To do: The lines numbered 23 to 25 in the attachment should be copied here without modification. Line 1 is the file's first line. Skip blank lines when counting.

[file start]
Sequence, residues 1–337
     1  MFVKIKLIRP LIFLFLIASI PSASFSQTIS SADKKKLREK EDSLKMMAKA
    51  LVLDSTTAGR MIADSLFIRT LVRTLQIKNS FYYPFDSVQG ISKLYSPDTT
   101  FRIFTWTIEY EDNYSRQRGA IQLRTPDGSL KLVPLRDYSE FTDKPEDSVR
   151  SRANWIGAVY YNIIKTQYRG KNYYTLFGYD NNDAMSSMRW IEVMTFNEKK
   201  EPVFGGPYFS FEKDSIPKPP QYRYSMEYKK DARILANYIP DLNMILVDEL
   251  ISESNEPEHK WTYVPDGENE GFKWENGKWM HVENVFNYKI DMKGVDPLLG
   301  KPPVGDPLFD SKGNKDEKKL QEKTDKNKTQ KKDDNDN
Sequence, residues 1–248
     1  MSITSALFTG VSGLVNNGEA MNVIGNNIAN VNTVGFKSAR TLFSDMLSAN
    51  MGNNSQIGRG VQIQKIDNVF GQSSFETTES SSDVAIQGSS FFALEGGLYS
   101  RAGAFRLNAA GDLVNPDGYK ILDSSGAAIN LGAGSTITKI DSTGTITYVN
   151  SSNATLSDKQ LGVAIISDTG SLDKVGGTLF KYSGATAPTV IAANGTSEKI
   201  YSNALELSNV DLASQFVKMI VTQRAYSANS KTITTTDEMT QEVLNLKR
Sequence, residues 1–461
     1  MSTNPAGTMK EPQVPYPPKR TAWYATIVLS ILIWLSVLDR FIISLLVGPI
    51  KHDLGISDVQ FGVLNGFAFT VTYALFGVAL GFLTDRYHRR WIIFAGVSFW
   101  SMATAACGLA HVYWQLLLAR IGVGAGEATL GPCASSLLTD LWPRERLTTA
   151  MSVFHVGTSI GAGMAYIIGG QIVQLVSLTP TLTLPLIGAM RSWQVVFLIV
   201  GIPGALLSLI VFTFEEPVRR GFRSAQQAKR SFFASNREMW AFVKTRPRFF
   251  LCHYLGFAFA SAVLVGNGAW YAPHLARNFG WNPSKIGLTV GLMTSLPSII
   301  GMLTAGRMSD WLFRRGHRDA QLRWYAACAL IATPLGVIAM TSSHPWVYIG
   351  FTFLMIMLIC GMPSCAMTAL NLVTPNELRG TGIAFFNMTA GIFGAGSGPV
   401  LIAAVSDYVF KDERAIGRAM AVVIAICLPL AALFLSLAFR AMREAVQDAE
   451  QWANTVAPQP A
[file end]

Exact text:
   351  FTFLMIMLIC GMPSCAMTAL NLVTPNELRG TGIAFFNMTA GIFGAGSGPV
   401  LIAAVSDYVF KDERAIGRAM AVVIAICLPL AALFLSLAFR AMREAVQDAE
   451  QWANTVAPQP A